May 8, 2018
Dear Friends and Neighbors,
You will no longer need a stamp to mail your ballot in King County as a result of legislation we passed at the council on Monday, May 7. This is a smart decision that makes fiscal sense while increasing access to the ballot box. People shouldn’t have to pay to vote. It’s the right thing to do.
Prior to our vote, if someone returned a ballot without postage some post offices would forward the ballot along but the county would have to cover the cost – roughly $1.70. That’s more than three times the existing rate! Now with postage covered at a flat rate, the county will be able to budget accordingly.
Perhaps most important, the measure is widely expected to increase voter access and participation. Pilot projects conducted this winter by the County demonstrated increases in voter turnout.
The ordinance passed 7-2. I was pleased to co-sponsor this measure and I’m thankful to King County Elections Director Julie Wise for championing this effort.
Elected officials should do everything in our power to improve access to democracy. I am confident prepaid postage will go a long way towards doing just that. Click here to read more.
Thanks for taking the time to read my e-news. Below you will find more information on important issues I’ve been working on. Stay tuned for more updates!
Barón receives MLK Medal of Distinguished Service
Councilmember Jeanne Kohl-Welles, Jorge Baron and his wife Tyler Crone
For his work throughout the region fighting for those who arrive in the U.S. as immigrants, I presented Jorge Barón, Executive Director of the Northwest Immigrant Rights Project (NWIRP), with the District 4 Dr. Martin Luther King, Jr. Medal of Distinguished Service.
Jorge joined the NWIRP— a nationally-recognized legal services organization dedicated to advancing and defending the rights of low-income immigrants and refugees—in 2006 as a staff attorney for two years prior to becoming its director in 2008. NWIRP has been active in the battle to defend the rights of both undocumented residents and those fearing deportation as a result of the efforts of the Trump Administration.
Jorge truly exemplifies what Dr. King stood for by fighting for a world that is inclusive and welcoming to all people regardless of where they were born or how they got here. Click here to read more.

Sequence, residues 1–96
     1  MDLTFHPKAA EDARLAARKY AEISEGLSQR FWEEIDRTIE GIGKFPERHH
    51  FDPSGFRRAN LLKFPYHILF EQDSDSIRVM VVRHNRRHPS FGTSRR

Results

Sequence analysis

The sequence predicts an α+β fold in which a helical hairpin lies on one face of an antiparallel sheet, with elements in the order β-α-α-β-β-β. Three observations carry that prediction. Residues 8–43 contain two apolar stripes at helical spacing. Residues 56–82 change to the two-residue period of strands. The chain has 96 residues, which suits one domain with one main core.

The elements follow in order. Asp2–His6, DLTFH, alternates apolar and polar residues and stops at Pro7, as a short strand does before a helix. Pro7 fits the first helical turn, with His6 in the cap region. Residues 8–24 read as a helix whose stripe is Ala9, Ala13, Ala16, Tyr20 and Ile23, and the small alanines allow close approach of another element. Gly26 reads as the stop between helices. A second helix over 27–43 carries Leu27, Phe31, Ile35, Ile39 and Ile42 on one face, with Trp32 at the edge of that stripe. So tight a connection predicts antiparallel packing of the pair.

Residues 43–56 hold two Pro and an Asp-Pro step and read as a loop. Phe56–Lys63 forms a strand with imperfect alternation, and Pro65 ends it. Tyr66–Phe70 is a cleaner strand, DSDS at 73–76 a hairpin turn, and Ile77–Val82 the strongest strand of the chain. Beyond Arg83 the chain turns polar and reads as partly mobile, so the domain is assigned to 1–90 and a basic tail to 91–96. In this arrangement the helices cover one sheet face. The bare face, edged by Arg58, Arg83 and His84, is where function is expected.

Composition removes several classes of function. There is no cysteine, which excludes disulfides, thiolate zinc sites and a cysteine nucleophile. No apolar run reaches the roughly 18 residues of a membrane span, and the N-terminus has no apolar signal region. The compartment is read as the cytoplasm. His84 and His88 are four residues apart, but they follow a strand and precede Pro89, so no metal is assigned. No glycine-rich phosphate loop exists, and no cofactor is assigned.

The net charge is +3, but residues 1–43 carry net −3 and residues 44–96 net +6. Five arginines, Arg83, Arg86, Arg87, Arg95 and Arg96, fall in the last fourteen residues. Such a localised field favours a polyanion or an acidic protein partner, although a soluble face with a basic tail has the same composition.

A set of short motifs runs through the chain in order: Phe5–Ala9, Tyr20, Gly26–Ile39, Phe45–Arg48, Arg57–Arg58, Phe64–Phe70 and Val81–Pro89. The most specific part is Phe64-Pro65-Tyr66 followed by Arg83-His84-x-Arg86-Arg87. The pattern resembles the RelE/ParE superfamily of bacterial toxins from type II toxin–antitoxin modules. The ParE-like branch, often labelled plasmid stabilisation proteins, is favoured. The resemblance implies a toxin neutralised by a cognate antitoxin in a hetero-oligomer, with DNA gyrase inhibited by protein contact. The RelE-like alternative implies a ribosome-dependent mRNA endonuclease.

Council recognizes Nordic influence in King County
In early May, I presented the “Nordic Month” proclamation to officials of the Nordic Museum, including Sheila Stickel, Communications; Eric Nelson, CEO; and Jan Colbrese, Director of External Affairs.
Last week, I sponsored a proclamation declaring the month of May “Nordic Month” in King County. This proclamation had special significance because it was presented the same week as the grand opening of the new Nordic Museum in Ballard.
The Nordic Museum was originally housed in the old Webster School building built in 1907 and leased from the Seattle School District since 1980. A fundraising effort spanning nearly two decades raised $52 million to build the new modern 57,000-sq. ft. museum and cultural center on Market Street. I was pleased to help secure funding for the project in several state capital budgets.
Last Tuesday, the museum held a grand opening preview reception for members, board members, volunteers, elected officials and other members of the community. I spoke at the event and delivered some of my remarks in Norwegian having Norwegian ancestry from my maternal grandfather who’d been an immigrant. The museum opened to the public on May 5 at which the Crown Princess of Denmark and the President of Iceland attended.
Our Nordic ancestors have played an enormous role in the development and character of King County This new facility stands as an important reminder of the positive impact immigrants have had and continue to make on our country and community.
Infants at work
Last week, the council unanimously passed legislation I co-sponsored to implement an "Infants at Work" pilot program for King County employees. This would be similar to the "Infants at Work" programs launched at the state-level allowing employees to bring babies – 6 weeks to 6 months – with them to their jobs under certain circumstances.
These programs are not only important because they allow young parents to spend more time with their newborn children, but because they are proven to improve employee retention and satisfaction without sacrificing productivity.
Keep in mind that this is just a pilot program, so I introduced an amendment that was adopted that required an evaluative assessment of the program so we can be sure it is working and can constructively address any issues that may arise.
Special thanks to Councilmember Rod Dembowski for being the prime sponsor.